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Scott Morgan is Board Certified in Family Law by the Texas Board of Legal Specialization. He is has practiced family law since 1994 and is the founder of the Morgan Law Firm which is dedicated exclusively to representing divorce and family law clients in the Houston and Austin areas.

Posted in Custody, Divorce, Parent-Child Issues, Property Division | Taged , , ,

6 responses to “What Effect Does Adultery Have on a Texas Divorce Case”

  1. I found your articles on Facebook and divorce interesting. I suspect my husband may be cheating, but I truly want to wait until there is solid evidence BEFORE I bring in an attorney. Obviously, I think the more leverage I have with him in this regard, the better case I have when it comes to assets down the line: house, kids, etc. I’ll try calling you soon to get perspective in greater detail.

    • Save every bit of evidence you can. Screen grabs. Video. Whatever the case is. The more proof you have, the better, in terms of getting everything you want. It’s like legalized blackmail.

  2. I am trying to find proof of my husband cheating, but so far no good… or at least nothing I can prove yet. I don’t want to let him know that I know. Social media may be a possibility, as I think he has some lady friends on there (but I’m not on there.) What do you suggest I do? I really want to nail him and get out of this marriage with no loss with my assets or the kids.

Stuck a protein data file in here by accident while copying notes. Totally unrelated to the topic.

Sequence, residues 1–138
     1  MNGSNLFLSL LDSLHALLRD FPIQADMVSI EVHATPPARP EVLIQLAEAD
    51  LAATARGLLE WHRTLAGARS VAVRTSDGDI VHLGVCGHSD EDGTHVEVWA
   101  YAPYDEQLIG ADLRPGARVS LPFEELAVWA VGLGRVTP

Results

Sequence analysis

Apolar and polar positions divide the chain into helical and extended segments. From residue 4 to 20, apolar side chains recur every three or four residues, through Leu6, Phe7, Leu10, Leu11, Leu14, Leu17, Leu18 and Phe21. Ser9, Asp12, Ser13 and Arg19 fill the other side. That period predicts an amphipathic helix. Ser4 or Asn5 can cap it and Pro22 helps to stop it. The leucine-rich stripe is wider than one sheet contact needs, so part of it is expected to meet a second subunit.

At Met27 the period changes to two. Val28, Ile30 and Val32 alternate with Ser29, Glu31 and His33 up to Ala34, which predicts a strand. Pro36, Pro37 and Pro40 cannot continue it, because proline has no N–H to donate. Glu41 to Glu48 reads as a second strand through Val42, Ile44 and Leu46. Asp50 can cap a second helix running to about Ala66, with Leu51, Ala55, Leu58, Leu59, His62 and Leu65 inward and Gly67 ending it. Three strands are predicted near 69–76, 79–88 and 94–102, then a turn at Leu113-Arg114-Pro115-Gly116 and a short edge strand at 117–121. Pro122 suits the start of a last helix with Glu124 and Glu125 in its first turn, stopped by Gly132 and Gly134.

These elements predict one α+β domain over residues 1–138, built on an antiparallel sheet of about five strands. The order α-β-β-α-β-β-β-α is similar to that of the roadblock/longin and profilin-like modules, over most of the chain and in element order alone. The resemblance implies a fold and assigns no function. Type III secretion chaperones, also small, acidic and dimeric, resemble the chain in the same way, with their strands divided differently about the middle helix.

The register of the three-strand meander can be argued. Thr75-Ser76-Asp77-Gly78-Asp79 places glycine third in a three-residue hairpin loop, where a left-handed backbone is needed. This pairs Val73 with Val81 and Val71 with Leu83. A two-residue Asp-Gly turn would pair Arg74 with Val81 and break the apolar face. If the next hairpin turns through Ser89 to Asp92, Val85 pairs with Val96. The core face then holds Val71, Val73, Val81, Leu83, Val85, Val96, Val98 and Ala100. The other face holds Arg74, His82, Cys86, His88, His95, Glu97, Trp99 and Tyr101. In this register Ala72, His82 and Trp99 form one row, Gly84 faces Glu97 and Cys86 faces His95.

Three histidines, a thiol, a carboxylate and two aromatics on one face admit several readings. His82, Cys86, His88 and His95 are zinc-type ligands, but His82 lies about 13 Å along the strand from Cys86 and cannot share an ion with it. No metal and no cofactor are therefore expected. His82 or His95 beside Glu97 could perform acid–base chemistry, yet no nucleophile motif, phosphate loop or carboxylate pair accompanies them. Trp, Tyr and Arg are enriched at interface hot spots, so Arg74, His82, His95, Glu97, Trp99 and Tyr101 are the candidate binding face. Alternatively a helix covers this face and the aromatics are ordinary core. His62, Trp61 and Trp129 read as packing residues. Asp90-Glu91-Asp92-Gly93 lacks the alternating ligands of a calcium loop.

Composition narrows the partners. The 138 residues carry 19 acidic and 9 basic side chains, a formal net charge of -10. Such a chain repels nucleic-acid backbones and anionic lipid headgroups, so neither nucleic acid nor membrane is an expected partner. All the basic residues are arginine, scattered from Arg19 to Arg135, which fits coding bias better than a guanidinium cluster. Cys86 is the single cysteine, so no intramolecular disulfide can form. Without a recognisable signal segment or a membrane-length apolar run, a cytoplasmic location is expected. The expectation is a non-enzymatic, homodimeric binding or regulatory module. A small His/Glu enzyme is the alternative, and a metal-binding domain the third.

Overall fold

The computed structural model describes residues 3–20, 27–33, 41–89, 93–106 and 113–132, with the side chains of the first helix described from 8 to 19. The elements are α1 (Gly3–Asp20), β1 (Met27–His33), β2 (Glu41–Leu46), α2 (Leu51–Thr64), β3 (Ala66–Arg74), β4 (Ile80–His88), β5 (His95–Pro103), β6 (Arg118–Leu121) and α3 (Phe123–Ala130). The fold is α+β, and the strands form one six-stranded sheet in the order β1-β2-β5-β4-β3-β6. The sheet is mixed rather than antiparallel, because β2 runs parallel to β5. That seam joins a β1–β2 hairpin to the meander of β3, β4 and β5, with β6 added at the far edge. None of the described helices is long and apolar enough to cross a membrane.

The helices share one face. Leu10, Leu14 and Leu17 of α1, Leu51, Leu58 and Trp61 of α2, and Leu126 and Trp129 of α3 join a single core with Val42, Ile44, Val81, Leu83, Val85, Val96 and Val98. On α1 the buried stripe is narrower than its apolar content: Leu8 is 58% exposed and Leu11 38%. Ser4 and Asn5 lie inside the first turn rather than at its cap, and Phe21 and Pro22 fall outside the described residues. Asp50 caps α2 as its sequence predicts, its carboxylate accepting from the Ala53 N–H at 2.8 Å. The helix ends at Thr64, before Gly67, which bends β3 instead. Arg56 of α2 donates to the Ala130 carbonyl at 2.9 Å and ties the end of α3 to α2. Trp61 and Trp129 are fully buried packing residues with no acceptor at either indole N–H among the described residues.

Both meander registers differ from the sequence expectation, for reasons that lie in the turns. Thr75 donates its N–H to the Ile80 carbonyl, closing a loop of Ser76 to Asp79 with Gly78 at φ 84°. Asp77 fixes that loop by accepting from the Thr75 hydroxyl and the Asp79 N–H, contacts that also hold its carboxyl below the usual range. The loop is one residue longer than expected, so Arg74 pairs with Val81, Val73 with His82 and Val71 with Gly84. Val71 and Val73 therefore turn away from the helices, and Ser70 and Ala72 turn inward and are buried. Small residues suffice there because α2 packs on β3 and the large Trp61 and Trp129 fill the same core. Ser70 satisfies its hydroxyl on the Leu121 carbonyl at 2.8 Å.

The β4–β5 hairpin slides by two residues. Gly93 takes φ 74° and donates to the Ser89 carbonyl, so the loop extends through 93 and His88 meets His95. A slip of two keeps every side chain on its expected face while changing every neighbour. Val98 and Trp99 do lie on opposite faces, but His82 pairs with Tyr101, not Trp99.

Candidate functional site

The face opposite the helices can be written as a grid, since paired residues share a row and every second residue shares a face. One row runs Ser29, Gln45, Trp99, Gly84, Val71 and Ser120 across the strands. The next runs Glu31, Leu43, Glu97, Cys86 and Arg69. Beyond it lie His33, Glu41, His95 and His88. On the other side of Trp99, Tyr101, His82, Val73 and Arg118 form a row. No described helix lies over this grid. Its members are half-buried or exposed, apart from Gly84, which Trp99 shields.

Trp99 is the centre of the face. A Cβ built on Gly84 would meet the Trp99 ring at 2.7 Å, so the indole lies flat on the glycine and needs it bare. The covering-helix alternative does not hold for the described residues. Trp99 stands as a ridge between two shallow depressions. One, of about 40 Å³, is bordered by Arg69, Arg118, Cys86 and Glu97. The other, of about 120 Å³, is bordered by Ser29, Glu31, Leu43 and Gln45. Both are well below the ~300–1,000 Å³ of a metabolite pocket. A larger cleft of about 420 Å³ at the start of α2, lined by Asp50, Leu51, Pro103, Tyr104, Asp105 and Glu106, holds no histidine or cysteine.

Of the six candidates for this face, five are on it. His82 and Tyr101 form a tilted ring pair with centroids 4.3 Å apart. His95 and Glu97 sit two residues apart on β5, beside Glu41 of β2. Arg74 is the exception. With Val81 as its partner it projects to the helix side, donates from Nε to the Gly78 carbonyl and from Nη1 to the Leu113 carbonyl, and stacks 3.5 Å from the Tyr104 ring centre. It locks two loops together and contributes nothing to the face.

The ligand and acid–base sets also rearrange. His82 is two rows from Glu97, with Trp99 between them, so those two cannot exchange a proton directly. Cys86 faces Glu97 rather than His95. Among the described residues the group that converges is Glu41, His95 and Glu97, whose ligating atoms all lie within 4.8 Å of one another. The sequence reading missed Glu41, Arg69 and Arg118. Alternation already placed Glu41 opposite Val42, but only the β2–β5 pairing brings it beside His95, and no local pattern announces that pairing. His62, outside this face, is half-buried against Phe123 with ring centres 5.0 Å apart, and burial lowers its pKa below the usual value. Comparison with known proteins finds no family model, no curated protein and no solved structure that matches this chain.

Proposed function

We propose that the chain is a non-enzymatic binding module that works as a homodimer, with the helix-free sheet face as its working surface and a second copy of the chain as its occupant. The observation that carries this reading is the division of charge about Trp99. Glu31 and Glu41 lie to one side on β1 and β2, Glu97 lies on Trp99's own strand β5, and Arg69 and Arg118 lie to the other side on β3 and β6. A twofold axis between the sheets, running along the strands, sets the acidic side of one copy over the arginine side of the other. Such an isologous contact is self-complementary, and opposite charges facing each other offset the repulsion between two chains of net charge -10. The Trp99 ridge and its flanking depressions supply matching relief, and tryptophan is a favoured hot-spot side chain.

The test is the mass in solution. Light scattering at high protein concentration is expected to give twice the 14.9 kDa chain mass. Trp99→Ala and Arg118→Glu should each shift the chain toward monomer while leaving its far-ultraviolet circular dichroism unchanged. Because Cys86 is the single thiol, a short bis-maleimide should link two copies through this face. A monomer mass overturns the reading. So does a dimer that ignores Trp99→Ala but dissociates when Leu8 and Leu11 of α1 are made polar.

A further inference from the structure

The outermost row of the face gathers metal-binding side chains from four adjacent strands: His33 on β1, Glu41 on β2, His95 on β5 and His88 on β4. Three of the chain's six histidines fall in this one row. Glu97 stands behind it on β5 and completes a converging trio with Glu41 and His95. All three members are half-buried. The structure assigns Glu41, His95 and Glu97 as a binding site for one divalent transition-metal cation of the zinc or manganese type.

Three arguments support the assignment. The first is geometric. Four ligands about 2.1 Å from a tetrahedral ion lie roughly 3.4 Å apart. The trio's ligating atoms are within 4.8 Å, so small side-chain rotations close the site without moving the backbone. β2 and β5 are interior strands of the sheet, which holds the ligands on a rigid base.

3. My wife tried to pull stuff like this into court on me, but her proof seems a bit wishy-washy. Heaven forbid I have female friends. But I’ll make sure she doesn’t get close to her so-called “proof”

  4. Hi there – I’m a practicing Guardian ad Litem for the last 14 years. About 5 years ago I started my own private investigator agency here in Austin specifically dealing with cheating spouses, divorce, and child custody – it’s a rather long story how I came to this but I thought it was a natural progression since I know family law so well and many of the private investigators I dealt with as an ad Litem did not have a good foundation in family law. I wanted to give folks my expertise that I learned from the inside out as opposed from the outside in.

    Anyway I was pleased to see your article because it is something I preach as well – just because Texas is a no fault state does not mean that the property can’t be distributed unequally if one spouse is wrongful in their actions. If it goes to court, the trick at least for us as PI’s is to build a case in such a way that it just might anger the judge to the point to give the innocent spouse a generous settlement. At the very least the innocent spouse might get relief with attorney fees (the offending spouse pays for the innocent spouse’s attorney costs) or perhaps may have a better chance at staying in the family house. Other times, if the judge is really angered by the offending spouse, the innocent spouse just might get more of the property or more of a proportion of the offending party’s retirement fund. Or the judge could provide the innocent spouse with spousal support – needless to say the judge has a lot of options to punish a misbehaving spouse. I’ve seen it, I’ve been there, and it works.